Rights groups say Apaches used for assassinations

Discussion in 'The Intelligence Cell' started by armchair_jihad, Jul 29, 2006.

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  1. This is a test and there is a prize for the best answer, judging will occur 06/08/06

    Q What is wrong the the following Guardian article?


    'Made in the UK, bringing devastation to Lebanon - the British parts in Israel's deadly attack helicopters

    · Key parts for Israeli aircraft made in UK
    · Rights groups say Apaches used for assassinations '

    British arms companies are supplying key parts for Israel's Apache combat helicopters, F-15 and F-16 fighter jets deployed in southern Lebanon, Gaza and the West Bank despite government guidelines banning the sale of weapons likely to be used "aggressively against another country" or fuel regional tensions.

    The disclosure follows anger among MPs this week after it emerged that the government allowed US planes carrying bombs and missiles to Israel to refuel at Prestwick airport.

    British arms suppliers, including Smiths Industries and AgustaWestland, are among eight UK companies manufacturing components for Apaches ranging from power-management systems and parts for the rotor to helmet-mounted displays for the gunship operators.

    MPE, a Liverpool-based manufacturer, sells electromagnetic filters used in bomb racks put on all F-15 fighter jets and the model of F-16s used by Israel.

    Boeing, the sole supplier of Apaches, confirmed that the British-made components are included on all Apaches sent to Israel and a number of other countries.

    "There are over 6,000 parts in the Apache manufactured literally worldwide," said John Schibler, director of Apache engineering at Boeing. "The UK is one of the largest contributors, and these are only the major components made by British companies."

    The disclosures highlight weaknesses in British arms export controls days after the Foreign Office described the controls as "one of the most rigorous and transparent regimes in the world".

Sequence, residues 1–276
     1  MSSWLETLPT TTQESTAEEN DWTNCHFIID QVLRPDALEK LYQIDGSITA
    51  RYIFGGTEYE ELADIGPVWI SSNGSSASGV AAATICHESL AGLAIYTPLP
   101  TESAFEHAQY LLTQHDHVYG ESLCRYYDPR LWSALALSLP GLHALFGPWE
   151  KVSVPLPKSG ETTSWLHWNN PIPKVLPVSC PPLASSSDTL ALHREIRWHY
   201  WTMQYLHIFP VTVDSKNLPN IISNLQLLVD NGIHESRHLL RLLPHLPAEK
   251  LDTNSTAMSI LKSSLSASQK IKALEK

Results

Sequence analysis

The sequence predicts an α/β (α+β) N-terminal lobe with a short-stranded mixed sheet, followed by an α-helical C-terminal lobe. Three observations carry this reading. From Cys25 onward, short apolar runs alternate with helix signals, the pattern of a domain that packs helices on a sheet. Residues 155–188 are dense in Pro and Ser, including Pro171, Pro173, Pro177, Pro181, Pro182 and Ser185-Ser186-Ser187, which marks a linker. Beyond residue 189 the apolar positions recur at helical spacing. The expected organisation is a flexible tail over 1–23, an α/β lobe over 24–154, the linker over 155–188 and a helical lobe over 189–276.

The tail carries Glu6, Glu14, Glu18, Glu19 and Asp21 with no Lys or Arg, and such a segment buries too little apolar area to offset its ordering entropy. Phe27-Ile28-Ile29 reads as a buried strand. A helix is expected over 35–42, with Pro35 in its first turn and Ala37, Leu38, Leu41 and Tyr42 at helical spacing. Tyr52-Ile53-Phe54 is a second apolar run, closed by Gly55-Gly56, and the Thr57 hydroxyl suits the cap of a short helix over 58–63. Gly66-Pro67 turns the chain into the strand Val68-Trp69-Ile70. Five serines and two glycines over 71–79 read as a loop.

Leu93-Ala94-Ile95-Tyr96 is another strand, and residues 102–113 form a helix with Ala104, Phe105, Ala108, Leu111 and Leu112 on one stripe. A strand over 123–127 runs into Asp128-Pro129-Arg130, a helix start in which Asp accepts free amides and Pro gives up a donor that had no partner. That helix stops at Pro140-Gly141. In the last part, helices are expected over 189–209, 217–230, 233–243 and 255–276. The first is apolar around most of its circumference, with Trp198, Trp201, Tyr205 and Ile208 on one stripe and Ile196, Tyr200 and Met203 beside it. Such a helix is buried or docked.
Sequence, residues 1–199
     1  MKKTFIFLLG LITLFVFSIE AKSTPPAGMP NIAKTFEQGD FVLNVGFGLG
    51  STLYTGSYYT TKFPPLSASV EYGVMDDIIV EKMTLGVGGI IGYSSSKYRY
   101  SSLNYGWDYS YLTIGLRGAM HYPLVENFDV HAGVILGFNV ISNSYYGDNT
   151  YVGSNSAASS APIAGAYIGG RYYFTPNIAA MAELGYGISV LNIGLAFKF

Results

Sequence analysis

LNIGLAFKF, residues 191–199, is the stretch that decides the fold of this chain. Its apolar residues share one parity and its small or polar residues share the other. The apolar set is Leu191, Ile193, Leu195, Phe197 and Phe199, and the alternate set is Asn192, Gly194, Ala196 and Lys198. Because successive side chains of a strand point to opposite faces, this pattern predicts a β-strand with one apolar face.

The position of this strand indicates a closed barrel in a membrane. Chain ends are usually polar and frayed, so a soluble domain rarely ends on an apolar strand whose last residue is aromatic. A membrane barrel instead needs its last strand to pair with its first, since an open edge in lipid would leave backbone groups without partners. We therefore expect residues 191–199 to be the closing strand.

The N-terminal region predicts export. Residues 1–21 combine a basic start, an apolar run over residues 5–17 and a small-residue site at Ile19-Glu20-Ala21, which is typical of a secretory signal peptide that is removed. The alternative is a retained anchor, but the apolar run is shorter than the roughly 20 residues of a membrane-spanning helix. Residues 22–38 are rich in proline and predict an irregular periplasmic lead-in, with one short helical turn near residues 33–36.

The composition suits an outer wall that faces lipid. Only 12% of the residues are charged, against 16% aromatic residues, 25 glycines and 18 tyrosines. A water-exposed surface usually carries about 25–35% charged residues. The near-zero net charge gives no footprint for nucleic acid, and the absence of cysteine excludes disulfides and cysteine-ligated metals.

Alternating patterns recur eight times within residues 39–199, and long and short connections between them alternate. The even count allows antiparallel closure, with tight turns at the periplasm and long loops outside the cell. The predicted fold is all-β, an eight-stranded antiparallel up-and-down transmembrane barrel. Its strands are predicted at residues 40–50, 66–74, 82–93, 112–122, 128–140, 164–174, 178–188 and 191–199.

British arms controls also forbid exports "to countries where serious violations of human rights have been established" or "if there is a clear risk that the proposed export might be used for internal repression". A Commons committee on arms export controls is expected to issue a strong statement on exports to Israel late next week despite pressure from some members to tone it down.

    "The government's policy on exports to Israel is incoherent," Roger Berry, the chairman of the committee, told the Guardian. "They are adamant that they would not licence exports - weapons, equipment or components - if they could end up being deployed aggressively in the Occupied Territories. But ... there are clearly lots of British components in arms being used by the Israeli government in the Occupied Territories."

    Israel was listed as a country of concern in last year's annual Foreign Office report on human rights and the government has said it would refuse arms export licences for any equipment that could be used aggressively by Israel. But F-16s, F-15s and Apaches have been used extensively by Israel in the recent attacks across Lebanon and Gaza, which have resulted in more than 500 civilian casualties to date. Last week Kim Howells, a Foreign Office minister, said the British embassy in Tel Aviv "has confirmed reports that Israel is using F16s in its incursions into Gaza and Lebanon".

    Apaches are alleged by human rights groups to have been used by Israel for extra judicial assassinations, missile strikes in heavily populated civilian areas and the shelling of schools, medical facilities, refugee camps and civil society buildings.

    "The Apache is not just equipment. For Palestinians it's a symbol of indiscriminate military violence," said Shawan Jabarin, general director of the Palestinian human rights group al-Haq. "From a young age every Palestinian child learns to distinguish the Apache's sound and associate it with assassinations, destruction and blood in the street."

    Mr Howells defended the British system of arms export controls earlier this week. "We are proud of our defence export licensing system, which is one of the most rigorous and transparent regimes in the world," he said.